A while back I realized that I had over 30 years of 35mm negatives that were going to need to be digitized at some point, not to mention 126 Instamatic and 620 Brownie negatives dating into the 1960s. I figured I could nickle & dime myself to death gradually getting them scanned at Ritz or Photoworks.com, or I could bite the bullet, get a negative scanner and do it myself. I ended up with this Nikon negative scanner, and on the whole I've been quite happy with it. The resolution is much higher than I was getting from commercial scanning, though it also takes much longer to scan a roll of negatives than I was expecting.
So anyway, my sister dug up some old negatives from a 1987 signing for her first book, and asked me to scan them. As soon as I saw where the signing was, I knew I was going to want to use some of them here. My second question to her, after asking if I could use the pictures was whether she wanted her name and face blurred, but on reflection that a pretty stupid one. After all, she is an award winning children's book author with her own web site who, as all authors do, would like you to know her name and buy her books, especially her latest one!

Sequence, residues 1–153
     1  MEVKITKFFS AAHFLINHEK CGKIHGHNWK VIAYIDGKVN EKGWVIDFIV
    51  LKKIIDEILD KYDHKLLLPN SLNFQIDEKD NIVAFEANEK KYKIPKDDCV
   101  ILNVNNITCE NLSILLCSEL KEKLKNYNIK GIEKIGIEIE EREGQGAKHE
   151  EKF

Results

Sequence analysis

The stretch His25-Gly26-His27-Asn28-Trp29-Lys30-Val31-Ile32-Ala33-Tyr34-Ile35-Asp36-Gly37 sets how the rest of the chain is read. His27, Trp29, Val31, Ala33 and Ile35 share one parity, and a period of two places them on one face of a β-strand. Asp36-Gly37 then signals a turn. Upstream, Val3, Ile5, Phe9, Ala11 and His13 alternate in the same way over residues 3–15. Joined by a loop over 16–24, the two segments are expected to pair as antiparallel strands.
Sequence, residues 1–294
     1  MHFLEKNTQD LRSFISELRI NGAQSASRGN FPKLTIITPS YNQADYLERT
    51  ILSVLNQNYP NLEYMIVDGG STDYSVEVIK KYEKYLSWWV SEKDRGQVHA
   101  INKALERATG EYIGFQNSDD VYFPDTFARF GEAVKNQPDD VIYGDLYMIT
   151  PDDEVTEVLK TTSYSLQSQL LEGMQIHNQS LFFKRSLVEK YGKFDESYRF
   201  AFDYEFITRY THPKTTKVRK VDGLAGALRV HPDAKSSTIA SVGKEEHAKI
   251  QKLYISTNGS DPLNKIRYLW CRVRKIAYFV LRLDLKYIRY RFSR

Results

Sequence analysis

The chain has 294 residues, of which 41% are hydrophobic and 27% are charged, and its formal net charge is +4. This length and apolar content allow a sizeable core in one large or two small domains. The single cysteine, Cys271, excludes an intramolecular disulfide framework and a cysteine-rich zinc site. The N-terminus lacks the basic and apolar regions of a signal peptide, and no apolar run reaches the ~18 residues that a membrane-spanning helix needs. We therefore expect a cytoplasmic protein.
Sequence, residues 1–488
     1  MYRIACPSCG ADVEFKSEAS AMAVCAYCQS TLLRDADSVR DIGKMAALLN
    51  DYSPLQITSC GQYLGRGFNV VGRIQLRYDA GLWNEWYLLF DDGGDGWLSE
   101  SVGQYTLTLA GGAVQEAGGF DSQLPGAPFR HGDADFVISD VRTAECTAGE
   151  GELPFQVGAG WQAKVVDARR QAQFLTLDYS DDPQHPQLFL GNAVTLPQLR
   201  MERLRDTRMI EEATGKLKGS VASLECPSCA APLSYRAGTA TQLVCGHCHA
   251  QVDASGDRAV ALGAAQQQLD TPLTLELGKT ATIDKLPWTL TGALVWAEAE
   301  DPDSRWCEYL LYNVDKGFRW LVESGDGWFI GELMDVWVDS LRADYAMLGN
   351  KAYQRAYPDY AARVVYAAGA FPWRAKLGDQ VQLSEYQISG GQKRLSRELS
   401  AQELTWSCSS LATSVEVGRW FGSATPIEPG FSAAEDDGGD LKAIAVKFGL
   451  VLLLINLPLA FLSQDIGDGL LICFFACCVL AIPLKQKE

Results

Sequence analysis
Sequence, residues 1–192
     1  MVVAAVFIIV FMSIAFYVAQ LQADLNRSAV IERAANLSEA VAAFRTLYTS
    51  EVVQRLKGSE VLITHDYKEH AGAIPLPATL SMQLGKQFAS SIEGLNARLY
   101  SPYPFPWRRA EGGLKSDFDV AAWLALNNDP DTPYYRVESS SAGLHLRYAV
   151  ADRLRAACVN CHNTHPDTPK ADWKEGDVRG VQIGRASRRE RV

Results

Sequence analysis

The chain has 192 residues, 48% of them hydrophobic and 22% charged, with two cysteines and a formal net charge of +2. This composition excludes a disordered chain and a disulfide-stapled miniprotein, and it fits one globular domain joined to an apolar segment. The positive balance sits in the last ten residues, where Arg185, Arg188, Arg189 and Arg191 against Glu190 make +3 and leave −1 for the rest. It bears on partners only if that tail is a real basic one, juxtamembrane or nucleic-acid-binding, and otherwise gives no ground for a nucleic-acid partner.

Chapter Two Books was in Trenholm Plaza most of the time I was growing up. It was a fairly small storefront on the Edisto/Holligan's side of the plaza next to the barber shop. In the days when I would get $3.00 for mowing the lawn, I would take the money down there and buy a new Tom Swift, Jr. book. Unlike Browz-A-Bit and Walden's at Dutch Square, science-fiction was not a major category here, and the selection of SF paperbacks (and paperbacks vs hardbacks in general), was pretty small, so aside from Tom Swift, I usually ended up spending my strictly limited funds at one of those stores rather than here, but I do distinctly remember that Chapter Two sold me the last $0.50 paperback I ever saw, a copy of Robert Heinlein's classic Young Adult novel Farmer In the Sky.
Although it was not the intention of any of these shots, if you look out the windows (on the click-through versions especially), you can see a good bit of the old Trenholm Plaza landscape: Tapp's Twig, The Banker's Note, A & P and Standard Federal. By this time the original "steeple" A & P had been torn down and replaced with a more modern design (which was itself torn down for Publix), and the current Books-A-Million location was several storefronts.
I'm not sure exactly when Chapter Two closed. If I didn't have this evidence that it was still there in 1987, I would have guessed then or earlier. In any event, I believe it was gone before Books-A-Million arrived, and I have the vague feeling that the owner decided to retire and close the shop.
UPDATE 29 March 2010: Here is the current occupant of the Chapter Two storefront:
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